I relished the opportunity to be untethered by my belongings, my constantly ticking iPhone, my “stuff”, and I moved towards a group of attendants, one of whom walked across to me, blindfold in hand. “You have great style,” he said. I said thank you, and asked if he would catch me if I fell. He said that I wouldn’t fall because I was so graceful.


MA-2014 SKNY Generator - photo Jason Wyche 11


He explained the rules: he would walk me in and then I would raise my hand when I wanted to leave. He placed the blindfold on me and asked, “Is that ok?” “Tighter,” I said. Darkness. Then, the noise-cancelling headphones. Silence. With one hand in mine and the other on my back, he led me down what seemed to be an interminable corridor. I imagined being led without candlelight through a dark catacomb. As he walked me, slowly and gingerly, into the abyss, I could hear only the sound of my heels on the gallery floor. Then, without notice, I was released.


It is at that moment, I suppose, where all the “nothingness” should begin. Lauren Kelly, the gallery’s director, later told me that the facilitators, who are all trained by Abramović, are taught to read people’s energy. Some want to be engaged, want attention, some want to be ignored, treated sterilely, coldly, and so on. Each experience is unique, each participant led in and out of the gallery in a different way.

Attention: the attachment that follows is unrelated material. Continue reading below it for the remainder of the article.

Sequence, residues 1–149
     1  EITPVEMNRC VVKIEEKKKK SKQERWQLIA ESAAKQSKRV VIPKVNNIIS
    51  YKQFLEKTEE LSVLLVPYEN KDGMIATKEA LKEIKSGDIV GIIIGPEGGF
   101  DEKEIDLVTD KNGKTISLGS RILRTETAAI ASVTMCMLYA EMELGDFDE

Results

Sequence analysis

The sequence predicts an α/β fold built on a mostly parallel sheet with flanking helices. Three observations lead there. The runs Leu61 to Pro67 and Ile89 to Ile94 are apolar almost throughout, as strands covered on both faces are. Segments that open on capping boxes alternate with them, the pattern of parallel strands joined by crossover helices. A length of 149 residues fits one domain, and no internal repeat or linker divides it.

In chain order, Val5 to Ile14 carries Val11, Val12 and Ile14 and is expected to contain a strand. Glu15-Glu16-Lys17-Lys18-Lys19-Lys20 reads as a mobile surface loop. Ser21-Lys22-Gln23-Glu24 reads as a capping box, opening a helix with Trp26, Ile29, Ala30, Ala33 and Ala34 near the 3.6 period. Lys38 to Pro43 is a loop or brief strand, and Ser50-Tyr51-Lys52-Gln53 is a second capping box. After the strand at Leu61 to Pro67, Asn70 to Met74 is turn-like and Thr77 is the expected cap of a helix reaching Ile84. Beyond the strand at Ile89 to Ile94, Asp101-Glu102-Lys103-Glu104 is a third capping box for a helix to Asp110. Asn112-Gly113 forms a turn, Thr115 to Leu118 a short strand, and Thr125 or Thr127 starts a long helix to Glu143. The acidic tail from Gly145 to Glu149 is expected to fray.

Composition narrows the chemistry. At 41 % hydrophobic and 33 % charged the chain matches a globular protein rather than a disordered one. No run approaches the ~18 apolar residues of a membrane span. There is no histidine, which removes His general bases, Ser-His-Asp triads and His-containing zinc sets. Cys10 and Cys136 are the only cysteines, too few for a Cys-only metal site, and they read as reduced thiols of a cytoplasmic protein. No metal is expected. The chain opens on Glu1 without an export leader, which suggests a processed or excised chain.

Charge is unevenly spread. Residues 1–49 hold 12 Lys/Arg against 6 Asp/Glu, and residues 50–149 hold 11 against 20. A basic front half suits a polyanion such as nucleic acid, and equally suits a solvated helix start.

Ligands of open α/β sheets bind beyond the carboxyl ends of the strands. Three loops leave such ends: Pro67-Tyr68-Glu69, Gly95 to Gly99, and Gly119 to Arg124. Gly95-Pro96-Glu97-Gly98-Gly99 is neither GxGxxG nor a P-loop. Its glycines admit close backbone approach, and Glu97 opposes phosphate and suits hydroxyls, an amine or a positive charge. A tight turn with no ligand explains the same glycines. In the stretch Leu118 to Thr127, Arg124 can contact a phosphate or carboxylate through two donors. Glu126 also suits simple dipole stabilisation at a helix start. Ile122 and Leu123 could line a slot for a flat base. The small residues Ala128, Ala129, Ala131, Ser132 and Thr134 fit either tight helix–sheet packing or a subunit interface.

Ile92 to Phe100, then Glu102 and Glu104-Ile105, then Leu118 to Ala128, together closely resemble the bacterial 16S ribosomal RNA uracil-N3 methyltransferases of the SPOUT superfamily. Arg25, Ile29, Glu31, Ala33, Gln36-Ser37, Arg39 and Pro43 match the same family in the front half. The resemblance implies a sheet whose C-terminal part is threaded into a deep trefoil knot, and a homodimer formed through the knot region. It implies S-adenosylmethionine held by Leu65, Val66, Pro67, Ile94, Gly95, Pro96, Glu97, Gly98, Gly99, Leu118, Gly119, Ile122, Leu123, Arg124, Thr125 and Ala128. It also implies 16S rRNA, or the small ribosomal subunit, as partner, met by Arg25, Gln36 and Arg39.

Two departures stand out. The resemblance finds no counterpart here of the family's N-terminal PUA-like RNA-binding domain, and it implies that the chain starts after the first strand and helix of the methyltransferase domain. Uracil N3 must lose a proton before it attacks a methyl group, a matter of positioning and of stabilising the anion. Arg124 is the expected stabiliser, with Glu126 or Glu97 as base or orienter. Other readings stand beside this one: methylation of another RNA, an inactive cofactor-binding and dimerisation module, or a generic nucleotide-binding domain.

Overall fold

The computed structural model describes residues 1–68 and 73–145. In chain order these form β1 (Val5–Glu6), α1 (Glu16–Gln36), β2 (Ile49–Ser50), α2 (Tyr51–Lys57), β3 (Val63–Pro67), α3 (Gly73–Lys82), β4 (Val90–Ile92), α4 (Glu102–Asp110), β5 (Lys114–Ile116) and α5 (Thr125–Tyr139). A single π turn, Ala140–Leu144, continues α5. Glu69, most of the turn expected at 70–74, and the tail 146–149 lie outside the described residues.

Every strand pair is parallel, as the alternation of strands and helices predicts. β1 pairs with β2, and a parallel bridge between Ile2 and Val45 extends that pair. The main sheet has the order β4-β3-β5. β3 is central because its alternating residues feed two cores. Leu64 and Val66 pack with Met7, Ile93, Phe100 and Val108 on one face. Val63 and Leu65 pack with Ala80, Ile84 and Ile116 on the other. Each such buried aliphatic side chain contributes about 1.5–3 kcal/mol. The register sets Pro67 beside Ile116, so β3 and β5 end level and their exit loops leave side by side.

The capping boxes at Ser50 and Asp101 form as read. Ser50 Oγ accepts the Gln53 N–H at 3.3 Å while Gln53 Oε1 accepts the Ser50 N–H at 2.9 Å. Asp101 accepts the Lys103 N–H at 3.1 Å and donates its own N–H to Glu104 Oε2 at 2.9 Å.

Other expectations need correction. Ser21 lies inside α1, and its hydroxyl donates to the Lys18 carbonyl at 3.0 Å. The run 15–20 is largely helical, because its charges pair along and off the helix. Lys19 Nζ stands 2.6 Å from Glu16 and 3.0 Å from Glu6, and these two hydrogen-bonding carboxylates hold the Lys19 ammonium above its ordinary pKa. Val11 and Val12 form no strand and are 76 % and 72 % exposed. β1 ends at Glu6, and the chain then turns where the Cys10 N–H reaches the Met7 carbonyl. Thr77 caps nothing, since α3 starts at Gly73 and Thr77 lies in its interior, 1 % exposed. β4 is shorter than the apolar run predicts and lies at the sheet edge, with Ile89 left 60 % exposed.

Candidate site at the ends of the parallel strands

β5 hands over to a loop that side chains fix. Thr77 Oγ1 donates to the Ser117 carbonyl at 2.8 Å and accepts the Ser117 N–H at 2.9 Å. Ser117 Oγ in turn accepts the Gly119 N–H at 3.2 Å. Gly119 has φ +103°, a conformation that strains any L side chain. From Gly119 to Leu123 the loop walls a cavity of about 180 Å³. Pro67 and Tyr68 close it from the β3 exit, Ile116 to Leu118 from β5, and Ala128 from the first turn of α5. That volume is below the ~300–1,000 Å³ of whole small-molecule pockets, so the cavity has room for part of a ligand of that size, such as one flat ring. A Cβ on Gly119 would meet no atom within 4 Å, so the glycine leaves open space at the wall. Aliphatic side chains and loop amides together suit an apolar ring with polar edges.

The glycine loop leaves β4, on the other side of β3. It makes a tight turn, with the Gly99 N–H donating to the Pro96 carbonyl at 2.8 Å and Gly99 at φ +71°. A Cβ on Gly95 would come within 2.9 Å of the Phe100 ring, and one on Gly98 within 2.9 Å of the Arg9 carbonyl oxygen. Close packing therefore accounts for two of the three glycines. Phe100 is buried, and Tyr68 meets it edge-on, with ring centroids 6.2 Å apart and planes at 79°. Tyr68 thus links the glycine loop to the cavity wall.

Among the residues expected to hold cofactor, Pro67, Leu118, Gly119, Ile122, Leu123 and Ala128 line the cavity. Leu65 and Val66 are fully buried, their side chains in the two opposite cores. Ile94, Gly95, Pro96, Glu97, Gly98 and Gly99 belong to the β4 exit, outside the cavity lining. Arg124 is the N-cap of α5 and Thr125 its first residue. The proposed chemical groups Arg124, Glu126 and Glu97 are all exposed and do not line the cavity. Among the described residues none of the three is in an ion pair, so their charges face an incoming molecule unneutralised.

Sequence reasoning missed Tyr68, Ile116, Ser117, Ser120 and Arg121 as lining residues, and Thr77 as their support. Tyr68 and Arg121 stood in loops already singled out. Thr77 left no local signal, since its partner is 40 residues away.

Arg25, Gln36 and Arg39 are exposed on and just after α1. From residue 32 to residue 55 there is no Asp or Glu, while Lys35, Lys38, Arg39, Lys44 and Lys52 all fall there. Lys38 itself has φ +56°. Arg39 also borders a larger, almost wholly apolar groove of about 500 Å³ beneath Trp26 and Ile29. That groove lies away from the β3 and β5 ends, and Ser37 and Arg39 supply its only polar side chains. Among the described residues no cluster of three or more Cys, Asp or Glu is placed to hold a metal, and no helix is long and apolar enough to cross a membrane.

I took my first steps cautiously, but then quickly gained a stride. There is a certain freedom to walking, destination unknown, sight unseen, sound unheard. It wasn’t until I ran into my first wall that I was jolted back into somethingness. Ah, the harsh, cold reality of literally hitting wall. I giggled, a reaction to a feeling of embarrassment, the possibility of having been seen – a feeling that quickly passes without the ability to see or hear any possible outside judgment. One is forced to let go of the idea of looking silly while being placed in an uncomfortable situation, a trademark found in many of Abramović’s pieces (only the very resolute will not at least blush while walking through two naked people facing each other in a doorway in Imponderabilia). Self-awareness is forced upon the participant in these moments.